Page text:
The recent Secret Agent article, Money for old rope, “Conveyancers are doing less for their money-they don’t share the pressure to close deals as they’ll get paid regardless” filled me with dismay. I started working alongside a conveyancer in a solicitor’s office at the tender age of sixteen in 1974. Relationships with estate agents were not great then, they seem a lot worse now. Thirty seven years on and it would appear that, on the whole, neither party understand or appreciate the other anymore at all.
The truth of the situation is, the above quote should read, “Conveyancers are doing more for less money-they are under more pressure than estate agents.”
Most conveyancers quote fixed fees and the hundreds I speak to regularly, tell me they really want to exchange and complete asap. The fact is, that the legal side of the conveyancing process, the bureaucracy, the red tape, unrealistically high referral fees and numerous onerous regulations put hurdle after hurdle in their way.
I recently attended a Law Society conference and talks were given about, the Localism Bill, the Bribery Act and new changes to the ownership and maintenance of sewers and drains. All of these factors will give conveyancers more to think about and more reasons to raise additional enquiries and, as a result delay some matters. Why do they do that? Four reasons, firstly to make sure their client buys a home they can live in without any nasty surprises cropping up, secondly, to make sure their clients have a home they can sell easily, thirdly to ensure are not, sued for negligence, and fourthly to make sure they are not fined or suspended by the Solicitors Regulatory Authority.
My point is, most estate agents don’t understand the conveyancers role and responsibility and most conveyancers don’t understand and appreciate the difficulties that estate agents face.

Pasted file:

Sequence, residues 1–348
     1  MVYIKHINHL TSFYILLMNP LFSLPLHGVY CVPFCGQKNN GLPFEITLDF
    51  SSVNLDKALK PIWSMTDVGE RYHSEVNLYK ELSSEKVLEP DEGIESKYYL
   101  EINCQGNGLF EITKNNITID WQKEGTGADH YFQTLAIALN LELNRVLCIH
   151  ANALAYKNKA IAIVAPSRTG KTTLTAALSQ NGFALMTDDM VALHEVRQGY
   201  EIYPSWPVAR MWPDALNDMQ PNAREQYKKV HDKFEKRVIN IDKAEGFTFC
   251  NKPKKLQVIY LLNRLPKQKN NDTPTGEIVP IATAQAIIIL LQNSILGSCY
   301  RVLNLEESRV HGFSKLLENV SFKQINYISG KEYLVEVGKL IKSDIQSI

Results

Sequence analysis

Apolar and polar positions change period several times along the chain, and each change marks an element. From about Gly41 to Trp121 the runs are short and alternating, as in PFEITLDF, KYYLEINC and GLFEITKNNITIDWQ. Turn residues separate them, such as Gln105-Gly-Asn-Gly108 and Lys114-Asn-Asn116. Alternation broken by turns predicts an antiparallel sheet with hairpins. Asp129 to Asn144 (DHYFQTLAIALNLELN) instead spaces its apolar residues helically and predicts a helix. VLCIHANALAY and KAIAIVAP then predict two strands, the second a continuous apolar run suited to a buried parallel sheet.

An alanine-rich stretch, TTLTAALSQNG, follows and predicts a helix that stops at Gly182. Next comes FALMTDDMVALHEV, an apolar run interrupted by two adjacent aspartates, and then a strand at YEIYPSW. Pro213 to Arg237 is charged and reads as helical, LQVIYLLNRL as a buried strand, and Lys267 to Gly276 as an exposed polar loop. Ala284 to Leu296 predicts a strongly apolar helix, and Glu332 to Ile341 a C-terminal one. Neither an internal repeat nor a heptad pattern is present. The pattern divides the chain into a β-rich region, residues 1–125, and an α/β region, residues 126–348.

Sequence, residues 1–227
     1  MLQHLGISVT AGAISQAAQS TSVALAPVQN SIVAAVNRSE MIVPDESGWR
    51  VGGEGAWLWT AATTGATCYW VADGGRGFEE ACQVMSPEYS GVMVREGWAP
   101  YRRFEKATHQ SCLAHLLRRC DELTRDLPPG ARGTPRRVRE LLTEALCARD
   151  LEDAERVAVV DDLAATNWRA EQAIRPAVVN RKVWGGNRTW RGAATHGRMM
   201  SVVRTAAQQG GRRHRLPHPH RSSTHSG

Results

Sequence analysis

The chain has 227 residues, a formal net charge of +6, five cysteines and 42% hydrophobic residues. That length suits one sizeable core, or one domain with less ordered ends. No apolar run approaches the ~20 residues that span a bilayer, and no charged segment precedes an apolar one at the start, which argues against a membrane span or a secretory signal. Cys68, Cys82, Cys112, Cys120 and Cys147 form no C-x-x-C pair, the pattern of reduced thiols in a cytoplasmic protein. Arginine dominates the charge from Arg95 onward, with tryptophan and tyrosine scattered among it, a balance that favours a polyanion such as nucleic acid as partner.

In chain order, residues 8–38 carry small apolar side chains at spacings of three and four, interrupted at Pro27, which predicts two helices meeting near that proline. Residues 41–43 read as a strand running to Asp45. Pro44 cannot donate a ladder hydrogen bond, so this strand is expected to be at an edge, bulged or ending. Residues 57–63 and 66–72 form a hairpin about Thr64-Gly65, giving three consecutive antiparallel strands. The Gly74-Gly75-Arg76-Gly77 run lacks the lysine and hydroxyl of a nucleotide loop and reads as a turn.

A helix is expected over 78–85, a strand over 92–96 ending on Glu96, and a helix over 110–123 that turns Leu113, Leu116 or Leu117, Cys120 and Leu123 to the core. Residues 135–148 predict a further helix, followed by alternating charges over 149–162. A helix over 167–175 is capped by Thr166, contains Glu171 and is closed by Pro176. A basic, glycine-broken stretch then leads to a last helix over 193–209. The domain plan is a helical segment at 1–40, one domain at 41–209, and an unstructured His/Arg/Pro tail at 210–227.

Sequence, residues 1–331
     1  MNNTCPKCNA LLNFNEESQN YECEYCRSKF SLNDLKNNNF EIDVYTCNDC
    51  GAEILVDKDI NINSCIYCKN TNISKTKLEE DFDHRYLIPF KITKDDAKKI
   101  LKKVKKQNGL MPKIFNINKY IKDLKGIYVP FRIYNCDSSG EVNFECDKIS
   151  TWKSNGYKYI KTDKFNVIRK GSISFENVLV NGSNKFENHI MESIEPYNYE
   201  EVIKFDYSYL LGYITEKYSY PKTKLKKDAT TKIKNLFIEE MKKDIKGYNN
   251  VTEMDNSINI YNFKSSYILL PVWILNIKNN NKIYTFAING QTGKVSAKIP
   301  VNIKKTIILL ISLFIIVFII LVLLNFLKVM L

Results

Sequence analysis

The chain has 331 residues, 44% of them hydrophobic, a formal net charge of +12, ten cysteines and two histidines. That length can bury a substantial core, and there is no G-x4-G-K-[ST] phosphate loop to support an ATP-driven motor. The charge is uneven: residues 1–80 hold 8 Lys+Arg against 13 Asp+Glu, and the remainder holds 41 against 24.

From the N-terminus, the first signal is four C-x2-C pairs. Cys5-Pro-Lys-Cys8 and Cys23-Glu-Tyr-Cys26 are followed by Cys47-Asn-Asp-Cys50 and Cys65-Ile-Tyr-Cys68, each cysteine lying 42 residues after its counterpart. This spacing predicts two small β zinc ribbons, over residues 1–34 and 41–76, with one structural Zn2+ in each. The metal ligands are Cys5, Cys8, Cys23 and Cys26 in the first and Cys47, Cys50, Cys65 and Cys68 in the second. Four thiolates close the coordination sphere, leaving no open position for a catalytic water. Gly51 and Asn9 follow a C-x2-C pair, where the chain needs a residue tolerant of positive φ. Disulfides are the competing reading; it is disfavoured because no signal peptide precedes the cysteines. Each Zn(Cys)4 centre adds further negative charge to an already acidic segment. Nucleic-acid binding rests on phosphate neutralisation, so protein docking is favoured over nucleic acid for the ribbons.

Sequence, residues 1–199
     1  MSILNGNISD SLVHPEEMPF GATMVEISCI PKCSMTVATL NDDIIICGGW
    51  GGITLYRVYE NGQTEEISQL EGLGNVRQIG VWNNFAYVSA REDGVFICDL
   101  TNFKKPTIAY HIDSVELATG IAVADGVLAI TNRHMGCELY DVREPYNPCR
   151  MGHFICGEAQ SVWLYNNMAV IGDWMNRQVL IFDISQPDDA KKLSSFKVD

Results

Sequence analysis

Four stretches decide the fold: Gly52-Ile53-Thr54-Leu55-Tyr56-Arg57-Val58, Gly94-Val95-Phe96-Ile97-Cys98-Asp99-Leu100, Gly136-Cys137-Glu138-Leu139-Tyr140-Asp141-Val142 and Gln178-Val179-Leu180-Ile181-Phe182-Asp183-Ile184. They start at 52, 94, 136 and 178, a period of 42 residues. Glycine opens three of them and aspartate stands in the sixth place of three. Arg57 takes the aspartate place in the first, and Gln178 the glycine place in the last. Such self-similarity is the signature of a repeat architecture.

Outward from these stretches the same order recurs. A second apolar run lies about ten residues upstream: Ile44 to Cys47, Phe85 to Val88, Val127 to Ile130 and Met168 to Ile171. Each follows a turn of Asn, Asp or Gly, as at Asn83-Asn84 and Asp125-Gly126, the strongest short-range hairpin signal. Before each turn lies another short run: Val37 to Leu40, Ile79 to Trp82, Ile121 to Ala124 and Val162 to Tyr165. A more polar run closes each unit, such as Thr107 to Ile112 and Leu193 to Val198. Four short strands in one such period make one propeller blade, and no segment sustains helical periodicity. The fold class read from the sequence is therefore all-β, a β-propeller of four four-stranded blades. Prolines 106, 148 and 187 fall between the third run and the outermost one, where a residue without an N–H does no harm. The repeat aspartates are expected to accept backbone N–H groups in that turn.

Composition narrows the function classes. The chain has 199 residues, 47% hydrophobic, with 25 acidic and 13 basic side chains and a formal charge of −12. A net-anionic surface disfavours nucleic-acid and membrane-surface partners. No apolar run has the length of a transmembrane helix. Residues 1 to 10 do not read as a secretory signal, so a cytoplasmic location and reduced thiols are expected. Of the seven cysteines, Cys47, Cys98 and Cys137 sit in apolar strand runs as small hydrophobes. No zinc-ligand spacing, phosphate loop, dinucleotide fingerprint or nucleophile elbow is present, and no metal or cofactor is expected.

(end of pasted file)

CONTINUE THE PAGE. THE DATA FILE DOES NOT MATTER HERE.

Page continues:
The Law Society has recently introduced the Conveyancing Quality Scheme (CQS). Without going into detail, solicitors who become accredited (about 700 firms so far), should follow an agreed protocol, resulting in: the use of standard contracts, standard enquiries, better communication with clients and estate agents and a less adversarial approach generally. It remains to be seen whether CQS will work but it is a step in the right direction. Ask your local solicitors practice if they are a CQS firm.
Hips didn’t catch on (but information up front is helpful), CQS might. Isn’t it about time that the main players, involved in the home buying and selling process, got together and thrashed out:
– How they can work together more harmoniously
– How the home buying and selling process really can be improved
If anyone involved in the buying and selling of property has any ideas as to how things could and should move forward, please let me know. I would be only too pleased to be the middleman to try to help bring those ideas together.
Rob Hailstone 07817 630714
The Bold Group